CCP discovered that over 200 reactors were being used to harvest materials which should not have existed. An estimated figure of how big the exploit has been places it at a staggering 6.7 trillion ISK. But that's just the ISK value of the exploit itself. The ISK put to use over the years actually changes the estimate, giving it an upper limit of roughly 12 trillion ISK.
Dr. EyjoG adds: "But putting that into some kind of perspective is necessary. On a daily basis the total trade on the EVE market (not counting contracts or direct trade) in 2008 was between 2.5 and 3.0 trillion ISK. That gives us an annual trade worth more than 964 trillion in 2008 alone. So the maximum value of the exploit in 2008 is only about 0.7% of the total trade in one year."
The exploiters hid their tracks by engaging in the trade of high-end items and minerals, which prompted EVE developer CCP Diagoras to address player concerns that guilty parties found a way to evade detection and avoid punishment. Specifically, CCP Diagoras addressed the concern players had that once the exploit was discovered, players could have begun taking down their starbases in order to avoid detection. CCP Games used a database backup to assess the situation as it was roughly a week before the exploit was revealed.
The POS exploit in question is viewed by CCP as a "duping exploit" under their Suspension and Ban policy, and the players involved have been punished accordingly: permanent bans for those directly involved, removal of items and currency from those who benefitted from the exploit.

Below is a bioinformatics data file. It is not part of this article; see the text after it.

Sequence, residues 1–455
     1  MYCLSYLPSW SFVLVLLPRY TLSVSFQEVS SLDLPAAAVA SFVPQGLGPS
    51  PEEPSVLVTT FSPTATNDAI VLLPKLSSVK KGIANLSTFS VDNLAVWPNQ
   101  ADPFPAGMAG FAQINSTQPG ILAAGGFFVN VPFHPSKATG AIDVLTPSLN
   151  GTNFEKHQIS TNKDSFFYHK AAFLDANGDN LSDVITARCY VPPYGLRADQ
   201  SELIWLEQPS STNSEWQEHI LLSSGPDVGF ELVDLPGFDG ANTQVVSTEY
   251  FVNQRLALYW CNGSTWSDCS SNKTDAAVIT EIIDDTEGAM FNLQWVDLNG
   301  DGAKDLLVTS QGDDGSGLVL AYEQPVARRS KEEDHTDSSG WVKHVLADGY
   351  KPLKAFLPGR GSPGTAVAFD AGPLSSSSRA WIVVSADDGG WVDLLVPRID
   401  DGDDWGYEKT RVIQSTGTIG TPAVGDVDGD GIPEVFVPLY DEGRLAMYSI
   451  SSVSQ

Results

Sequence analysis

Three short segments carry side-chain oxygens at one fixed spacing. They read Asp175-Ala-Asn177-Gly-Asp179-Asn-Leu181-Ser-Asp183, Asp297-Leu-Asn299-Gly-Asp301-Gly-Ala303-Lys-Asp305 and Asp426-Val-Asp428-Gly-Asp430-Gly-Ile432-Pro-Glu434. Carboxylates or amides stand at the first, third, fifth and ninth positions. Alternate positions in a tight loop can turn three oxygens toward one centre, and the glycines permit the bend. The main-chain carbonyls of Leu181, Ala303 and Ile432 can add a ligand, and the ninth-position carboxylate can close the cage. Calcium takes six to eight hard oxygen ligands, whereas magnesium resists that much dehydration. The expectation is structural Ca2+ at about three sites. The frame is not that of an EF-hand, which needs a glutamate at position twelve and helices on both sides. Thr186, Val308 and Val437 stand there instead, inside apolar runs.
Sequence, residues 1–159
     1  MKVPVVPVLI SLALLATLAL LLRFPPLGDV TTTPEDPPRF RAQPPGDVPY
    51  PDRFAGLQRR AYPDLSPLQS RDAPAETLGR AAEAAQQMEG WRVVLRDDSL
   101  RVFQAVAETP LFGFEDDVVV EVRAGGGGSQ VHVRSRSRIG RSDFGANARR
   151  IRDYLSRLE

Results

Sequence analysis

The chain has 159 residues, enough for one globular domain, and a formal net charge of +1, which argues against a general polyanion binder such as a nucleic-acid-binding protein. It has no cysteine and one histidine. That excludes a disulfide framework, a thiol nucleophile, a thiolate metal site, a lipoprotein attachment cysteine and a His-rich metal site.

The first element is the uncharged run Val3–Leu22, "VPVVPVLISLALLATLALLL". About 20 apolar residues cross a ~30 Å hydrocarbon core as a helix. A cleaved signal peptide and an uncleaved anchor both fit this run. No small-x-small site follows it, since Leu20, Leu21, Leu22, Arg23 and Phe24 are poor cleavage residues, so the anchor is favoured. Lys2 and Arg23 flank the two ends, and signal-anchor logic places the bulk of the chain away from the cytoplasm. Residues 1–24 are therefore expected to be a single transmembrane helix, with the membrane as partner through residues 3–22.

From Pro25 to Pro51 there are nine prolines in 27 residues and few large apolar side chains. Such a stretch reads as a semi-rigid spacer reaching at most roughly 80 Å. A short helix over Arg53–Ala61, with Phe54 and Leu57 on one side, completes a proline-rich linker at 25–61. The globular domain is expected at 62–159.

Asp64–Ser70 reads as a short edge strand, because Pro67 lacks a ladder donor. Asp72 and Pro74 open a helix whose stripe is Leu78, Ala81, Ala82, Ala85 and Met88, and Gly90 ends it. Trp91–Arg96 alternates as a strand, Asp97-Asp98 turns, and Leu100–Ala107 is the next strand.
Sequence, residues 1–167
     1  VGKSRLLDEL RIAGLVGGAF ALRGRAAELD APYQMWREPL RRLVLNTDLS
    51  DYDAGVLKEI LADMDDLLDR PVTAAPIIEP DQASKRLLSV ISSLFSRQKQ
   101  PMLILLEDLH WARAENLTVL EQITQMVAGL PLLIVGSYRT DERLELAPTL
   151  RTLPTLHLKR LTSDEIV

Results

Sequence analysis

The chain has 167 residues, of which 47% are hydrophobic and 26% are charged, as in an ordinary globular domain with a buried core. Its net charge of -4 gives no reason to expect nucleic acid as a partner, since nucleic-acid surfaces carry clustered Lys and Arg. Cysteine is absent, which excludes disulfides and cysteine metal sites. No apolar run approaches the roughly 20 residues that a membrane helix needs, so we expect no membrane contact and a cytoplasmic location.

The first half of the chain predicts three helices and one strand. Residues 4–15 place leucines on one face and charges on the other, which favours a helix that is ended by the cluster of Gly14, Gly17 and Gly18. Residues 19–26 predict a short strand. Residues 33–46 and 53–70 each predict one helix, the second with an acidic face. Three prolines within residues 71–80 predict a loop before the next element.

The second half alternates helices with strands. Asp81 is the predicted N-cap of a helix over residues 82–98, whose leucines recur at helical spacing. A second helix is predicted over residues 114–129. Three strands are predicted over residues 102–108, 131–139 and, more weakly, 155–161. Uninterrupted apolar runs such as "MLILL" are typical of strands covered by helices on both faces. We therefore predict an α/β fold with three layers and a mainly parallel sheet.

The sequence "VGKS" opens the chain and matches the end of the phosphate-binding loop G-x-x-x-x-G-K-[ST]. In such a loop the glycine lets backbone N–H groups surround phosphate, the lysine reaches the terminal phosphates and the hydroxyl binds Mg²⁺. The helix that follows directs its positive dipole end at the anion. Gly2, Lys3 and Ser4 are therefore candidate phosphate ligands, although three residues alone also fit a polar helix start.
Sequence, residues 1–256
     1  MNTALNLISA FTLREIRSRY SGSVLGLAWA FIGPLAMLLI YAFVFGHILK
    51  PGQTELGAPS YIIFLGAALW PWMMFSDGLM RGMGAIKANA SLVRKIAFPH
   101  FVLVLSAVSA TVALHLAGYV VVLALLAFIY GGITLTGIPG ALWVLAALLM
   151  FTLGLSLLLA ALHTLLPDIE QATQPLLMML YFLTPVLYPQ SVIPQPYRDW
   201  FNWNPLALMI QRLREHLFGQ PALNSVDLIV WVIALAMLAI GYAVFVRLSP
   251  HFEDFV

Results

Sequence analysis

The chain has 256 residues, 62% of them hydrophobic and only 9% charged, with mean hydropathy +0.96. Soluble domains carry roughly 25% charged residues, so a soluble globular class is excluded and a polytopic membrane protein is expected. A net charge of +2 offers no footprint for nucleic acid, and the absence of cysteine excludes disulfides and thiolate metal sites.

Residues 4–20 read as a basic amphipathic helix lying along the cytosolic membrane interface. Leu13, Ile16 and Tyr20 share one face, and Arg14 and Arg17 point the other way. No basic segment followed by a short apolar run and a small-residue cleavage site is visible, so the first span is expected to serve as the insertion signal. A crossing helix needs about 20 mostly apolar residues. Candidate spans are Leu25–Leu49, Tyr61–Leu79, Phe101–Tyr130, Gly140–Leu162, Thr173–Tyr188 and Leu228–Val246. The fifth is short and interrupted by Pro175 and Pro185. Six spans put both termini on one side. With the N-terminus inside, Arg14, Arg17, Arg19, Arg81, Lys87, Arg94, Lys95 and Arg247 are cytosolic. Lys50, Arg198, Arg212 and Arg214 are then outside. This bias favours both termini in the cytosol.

CCP Grimmi writes, "Users directly involved in the exploit were permanently banned. Direct involvement meant that the character had a director role in the corporation using the exploit or was directly involved in servicing the POSes in the exploited state. Others that were found to be involved in moving the exploited good and laundering the ISK also received bans for their part. A number of players who had benefitted directly from the exploit were also banned. The total number of users banned in relation to the exploit of POS reactors is 134."
There were seven corporations in total (directly) involved with the exploit, for different purposes. Two of them were involved in real money trading (RMT) -- selling ISK to other players for real money -- while others used their ISK proceeds to fuel their in-game activities. Some valuable items in New Eden were removed from the game, including motherships and titans (EVE's superweapons) and over 30 Tech II blueprint originals (BPOs), not to mention vast amounts of ISK.
Given how involved in the game EVE players tend to be, concerns have been voiced by subscribers whether or not CCP knew about the exploit and did nothing to fix it, with the most outspoken players wondering if CCP employees themselves were involved. The company operates an Internal Affairs department that investigates such allegations, and concludes that no CCP employee -- or member of the player-elected representatives, the Council of Stellar Management (CSM) -- were involved in the exploit.
The fact that this exploit was able to exist for so long has forced CCP Games to re-evaluate their systems for detecting issues like this, and they're overhauling their bug reporting tools and company procedures to ensure an issue on this magnitude cannot occur again. CCP's findings are presently being discussed by the players themselves on the game's official forums and on the Scrapheap Challenge (unofficial) forums as well.